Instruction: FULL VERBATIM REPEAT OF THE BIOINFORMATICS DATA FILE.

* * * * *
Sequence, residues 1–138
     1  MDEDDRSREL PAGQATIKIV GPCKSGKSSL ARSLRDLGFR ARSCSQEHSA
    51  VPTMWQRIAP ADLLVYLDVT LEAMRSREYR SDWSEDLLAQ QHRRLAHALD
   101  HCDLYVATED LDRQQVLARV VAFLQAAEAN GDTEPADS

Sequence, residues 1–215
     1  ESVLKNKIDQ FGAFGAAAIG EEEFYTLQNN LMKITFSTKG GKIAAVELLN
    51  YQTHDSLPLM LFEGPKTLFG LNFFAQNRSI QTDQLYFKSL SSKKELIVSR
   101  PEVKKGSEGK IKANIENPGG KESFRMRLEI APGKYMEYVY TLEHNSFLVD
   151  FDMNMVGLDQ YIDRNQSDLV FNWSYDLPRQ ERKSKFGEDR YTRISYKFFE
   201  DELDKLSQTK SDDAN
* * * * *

Sequence, residues 1–138
     1  MDEDDRSREL PAGQATIKIV GPCKSGKSSL ARSLRDLGFR ARSCSQEHSA
    51  VPTMWQRIAP ADLLVYLDVT LEAMRSREYR SDWSEDLLAQ QHRRLAHALD
   101  HCDLYVATED LDRQQVLARV VAFLQAAEAN GDTEPADS

Sequence, residues 1–215
     1  ESVLKNKIDQ FGAFGAAAIG EEEFYTLQNN LMKITFSTKG GKIAAVELLN
    51  YQTHDSLPLM LFEGPKTLFG LNFFAQNRSI QTDQLYFKSL SSKKELIVSR
   101  PEVKKGSEGK IKANIENPGG KESFRMRLEI APGKYMEYVY TLEHNSFLVD
   151  FDMNMVGLDQ YIDRNQSDLV FNWSYDLPRQ ERKSKFGEDR YTRISYKFFE
   201  DELDKLSQTK SDDAN